The EAT has handed down its decision in Kigass Aero v Brown (and associated appeals), upholding the decision of the employment tribunal below (see bulletin dated 31/3/00).

On a proper construction of the Working Time Regulations 1988, employees continue to accrue entitlement to paid holiday whilst on long-term sickleave. Thus, even where their contractual sickpay and SSP entitlements have run out, they will be entitled to four weeks' paid holiday per annum during any long-term sickleave.

This decision means it may no longer be practical for employers to keep employees on long-term sickness absence (without pay), since they will be liable to pay four weeks' salary a year whilst the workers remain 'on the books'.

[Thanks to Navdeep Deol and Michael Stokes of Rowley Ashworth for sending me this transcript, which should be available soon on the EAT website]

Monday, 4 March 2002

Trade Union Recognition - Appropriate Bargaining Unit

The transcript in R v Central Arbitration Committee, ex p. Kwik-Fit Ltd has been released, being a judicial review of a decision of the CAC.

The case involves a determination of what is the 'appropriate bargaining unit' in an application for compulsory trade union recognition.

The union, and the CAC (who found for the union), argued that the CAC's obligation was to decide whether the bargaining unit proposed by the union was an 'appropriate bargaining unit'. Only if it was not appropriate should the CAC go on to consider the alternative bargaining unit proposed by the employer.

The employer argued that the CAC's statutory duty was to determine 'the' appropriate bargaining unit, i.e. it had to weigh up the suitability of different bargaining units and decide which was best. It was not entitled just to look at the union's proposal (and hold whether it was appropriate or not) before looking at any other proposals.

The Administrative Court held that the truth lay somewhere in between. The CAC had been wrong in just looking at the union's proposal and deciding whether it was 'appropriate'. If this was the correct approach, the statutory wording would have been clearer. Thus the decision of the CAC must be set aside.

However, it is wrong to say the CAC must choose the most appropriate bargaining unit which is compatible with fair management from the evidence before it - the CAC must, instead, have regard to the purpose of the application for recognition and base its decision as to the most appropriate unit on the location and nature of the workers seeking union recognition. As the court states, "it is obviously no answer to a claim for recognition in Bolton that there is a more appropriate bargaining unit in Liverpool."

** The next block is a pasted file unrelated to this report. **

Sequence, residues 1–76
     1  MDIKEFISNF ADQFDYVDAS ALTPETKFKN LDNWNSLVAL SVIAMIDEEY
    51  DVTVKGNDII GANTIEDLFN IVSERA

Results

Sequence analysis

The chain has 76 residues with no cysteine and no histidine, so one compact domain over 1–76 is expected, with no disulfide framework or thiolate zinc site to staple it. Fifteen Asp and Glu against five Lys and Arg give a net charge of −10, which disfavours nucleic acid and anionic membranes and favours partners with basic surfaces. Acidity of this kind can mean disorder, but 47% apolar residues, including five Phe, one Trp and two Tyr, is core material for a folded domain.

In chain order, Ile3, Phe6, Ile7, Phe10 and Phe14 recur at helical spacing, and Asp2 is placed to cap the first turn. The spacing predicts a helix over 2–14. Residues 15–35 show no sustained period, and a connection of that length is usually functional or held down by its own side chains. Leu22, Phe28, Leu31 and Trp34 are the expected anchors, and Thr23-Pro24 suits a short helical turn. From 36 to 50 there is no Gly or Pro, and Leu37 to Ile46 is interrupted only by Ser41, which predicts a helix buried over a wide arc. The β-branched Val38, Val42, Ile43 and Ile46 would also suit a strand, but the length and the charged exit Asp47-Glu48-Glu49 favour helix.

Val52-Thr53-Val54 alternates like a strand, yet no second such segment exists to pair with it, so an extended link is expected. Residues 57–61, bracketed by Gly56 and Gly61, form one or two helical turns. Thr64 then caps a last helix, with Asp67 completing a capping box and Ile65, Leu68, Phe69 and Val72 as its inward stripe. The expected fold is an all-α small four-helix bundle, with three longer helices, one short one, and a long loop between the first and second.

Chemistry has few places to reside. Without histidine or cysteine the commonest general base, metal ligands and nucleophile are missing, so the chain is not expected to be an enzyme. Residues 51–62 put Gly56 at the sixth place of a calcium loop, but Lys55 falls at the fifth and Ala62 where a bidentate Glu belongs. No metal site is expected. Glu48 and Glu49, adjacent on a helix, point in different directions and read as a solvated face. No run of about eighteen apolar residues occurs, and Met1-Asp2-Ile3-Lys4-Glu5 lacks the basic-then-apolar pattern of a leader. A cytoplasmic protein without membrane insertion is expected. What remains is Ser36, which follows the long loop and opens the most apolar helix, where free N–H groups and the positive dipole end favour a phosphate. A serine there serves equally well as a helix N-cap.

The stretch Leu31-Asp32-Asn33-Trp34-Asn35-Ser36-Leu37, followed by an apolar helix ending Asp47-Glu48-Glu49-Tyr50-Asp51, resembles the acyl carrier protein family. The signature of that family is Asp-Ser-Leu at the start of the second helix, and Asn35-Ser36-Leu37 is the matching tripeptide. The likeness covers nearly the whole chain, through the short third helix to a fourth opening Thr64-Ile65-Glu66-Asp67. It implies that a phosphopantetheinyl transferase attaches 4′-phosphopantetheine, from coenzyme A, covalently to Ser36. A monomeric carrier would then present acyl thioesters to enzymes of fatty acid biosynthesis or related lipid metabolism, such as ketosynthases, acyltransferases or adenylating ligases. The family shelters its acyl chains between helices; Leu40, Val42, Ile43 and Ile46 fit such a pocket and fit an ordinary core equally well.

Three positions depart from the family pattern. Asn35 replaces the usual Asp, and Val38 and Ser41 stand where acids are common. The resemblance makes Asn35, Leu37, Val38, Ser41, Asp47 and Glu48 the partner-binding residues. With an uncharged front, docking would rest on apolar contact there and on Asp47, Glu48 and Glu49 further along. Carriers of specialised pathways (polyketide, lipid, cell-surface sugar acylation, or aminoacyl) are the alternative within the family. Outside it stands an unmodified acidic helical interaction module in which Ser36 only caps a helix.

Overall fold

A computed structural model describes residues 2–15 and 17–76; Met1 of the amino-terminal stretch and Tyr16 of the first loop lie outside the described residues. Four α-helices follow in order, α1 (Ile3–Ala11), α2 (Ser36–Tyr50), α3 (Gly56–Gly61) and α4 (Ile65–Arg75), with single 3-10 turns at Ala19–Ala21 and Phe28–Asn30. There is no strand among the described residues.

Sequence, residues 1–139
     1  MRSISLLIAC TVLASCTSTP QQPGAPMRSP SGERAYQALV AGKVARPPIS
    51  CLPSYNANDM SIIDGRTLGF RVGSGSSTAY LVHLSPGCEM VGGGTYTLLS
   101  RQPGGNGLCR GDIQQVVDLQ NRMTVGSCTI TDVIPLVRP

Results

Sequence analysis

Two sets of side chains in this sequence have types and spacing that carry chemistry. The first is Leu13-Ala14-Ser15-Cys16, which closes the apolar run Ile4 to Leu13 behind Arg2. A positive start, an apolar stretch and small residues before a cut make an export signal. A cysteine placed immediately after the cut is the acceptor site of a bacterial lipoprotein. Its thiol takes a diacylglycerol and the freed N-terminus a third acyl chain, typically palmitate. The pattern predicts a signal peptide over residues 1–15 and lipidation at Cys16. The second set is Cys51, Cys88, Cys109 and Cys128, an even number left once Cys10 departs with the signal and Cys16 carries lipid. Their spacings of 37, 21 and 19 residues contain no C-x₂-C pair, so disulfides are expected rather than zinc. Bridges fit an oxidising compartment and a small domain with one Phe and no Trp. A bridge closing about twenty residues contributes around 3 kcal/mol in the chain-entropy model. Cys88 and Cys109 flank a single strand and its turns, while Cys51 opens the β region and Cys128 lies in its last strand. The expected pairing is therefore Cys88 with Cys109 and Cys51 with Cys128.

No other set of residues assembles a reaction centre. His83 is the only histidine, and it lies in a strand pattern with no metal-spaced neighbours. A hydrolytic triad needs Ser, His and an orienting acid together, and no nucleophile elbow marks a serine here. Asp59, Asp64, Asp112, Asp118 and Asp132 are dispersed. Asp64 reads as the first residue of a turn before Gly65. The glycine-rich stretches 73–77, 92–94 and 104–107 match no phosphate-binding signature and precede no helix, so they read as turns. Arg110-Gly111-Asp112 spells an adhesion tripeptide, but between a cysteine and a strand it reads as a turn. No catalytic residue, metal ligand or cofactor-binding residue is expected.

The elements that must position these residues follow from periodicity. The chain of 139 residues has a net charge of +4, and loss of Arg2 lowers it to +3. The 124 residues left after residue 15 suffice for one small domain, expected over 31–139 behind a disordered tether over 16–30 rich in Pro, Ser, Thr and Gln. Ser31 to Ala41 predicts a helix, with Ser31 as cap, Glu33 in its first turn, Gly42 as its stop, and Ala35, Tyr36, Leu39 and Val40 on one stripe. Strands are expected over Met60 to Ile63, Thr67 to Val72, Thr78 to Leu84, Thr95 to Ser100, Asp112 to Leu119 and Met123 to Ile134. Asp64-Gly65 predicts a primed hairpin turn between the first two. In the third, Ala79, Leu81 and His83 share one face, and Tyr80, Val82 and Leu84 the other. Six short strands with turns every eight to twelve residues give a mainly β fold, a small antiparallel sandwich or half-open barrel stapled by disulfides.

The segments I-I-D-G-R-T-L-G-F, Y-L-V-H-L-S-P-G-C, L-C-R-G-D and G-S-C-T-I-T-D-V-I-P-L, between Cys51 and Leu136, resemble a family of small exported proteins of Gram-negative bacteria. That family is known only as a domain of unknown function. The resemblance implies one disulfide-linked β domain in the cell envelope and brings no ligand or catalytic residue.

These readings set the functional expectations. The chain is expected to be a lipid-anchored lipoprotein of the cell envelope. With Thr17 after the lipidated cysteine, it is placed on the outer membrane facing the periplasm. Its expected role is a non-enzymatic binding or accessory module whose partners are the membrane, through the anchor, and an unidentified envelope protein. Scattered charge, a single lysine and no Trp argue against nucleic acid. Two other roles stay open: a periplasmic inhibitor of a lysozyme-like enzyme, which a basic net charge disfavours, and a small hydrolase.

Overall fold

[Thanks to John Bowers QC of Littleton Chambers, who successfully represented Kwik-Fit]

Rothschild v Ako - Issue Estoppel

The Court of Appeal's decision in Rothschild v Ako is now available. The decision was handed down on Friday, 1st March 2002.

Mrs Ako lodged an unfair dismissal and race discrimination claim against Rothschild. After seeking advice from the CRE, she realised a claim should also have been brought against a possible transferee under TUPE. She therefore checked that no IT3 had been lodged, and checked in an old law book in her library (the book dating from1980) that there was no rule prohibiting her from withdrawing and re-issuing her claim. She then wrote to the tribunal to withdraw her first claim and, within a week, issued a new claim against both Rothschild and the putative transferee.

During that week, the tribunal issued its standard order dismissing the claim against Rothschild on withdrawal by the Applicant.

The employment tribunal found the subsequent claim against Rothschild had been disposed of, and that the rules of issue estoppel prevented her from bringing a fresh claim. It relied on the well-known authority of Barber v Staffordshire Council, which provides that once a case has been dismissed on withdrawal, that is the end of the matter - it does not matter why the Applicant chose to withdraw the claim.

The Court of Appeal held that a tribunal is obliged to examine the factual matrix to decide whether the Applicant had genuinely intended to abandon the claim. If she had intended to abandon the claim, the matter ends under principles of issue estoppel (and the reason, eg being wrongly advised as to the law, is irrelevant).

However, in this case, Mrs Ako had not intended to abandon her claim. The position was similar to the recent case of Sajid v Sussex Muslim Society, where the Applicant expressly reserved the right in the IT1 to re-issue his breach of contract claim in the High Court.

Accordingly the ET's decision would be set aside, and Mrs Ako would be permitted to proceed with her claim against Rothschild.

For a copy of the judgment, click here.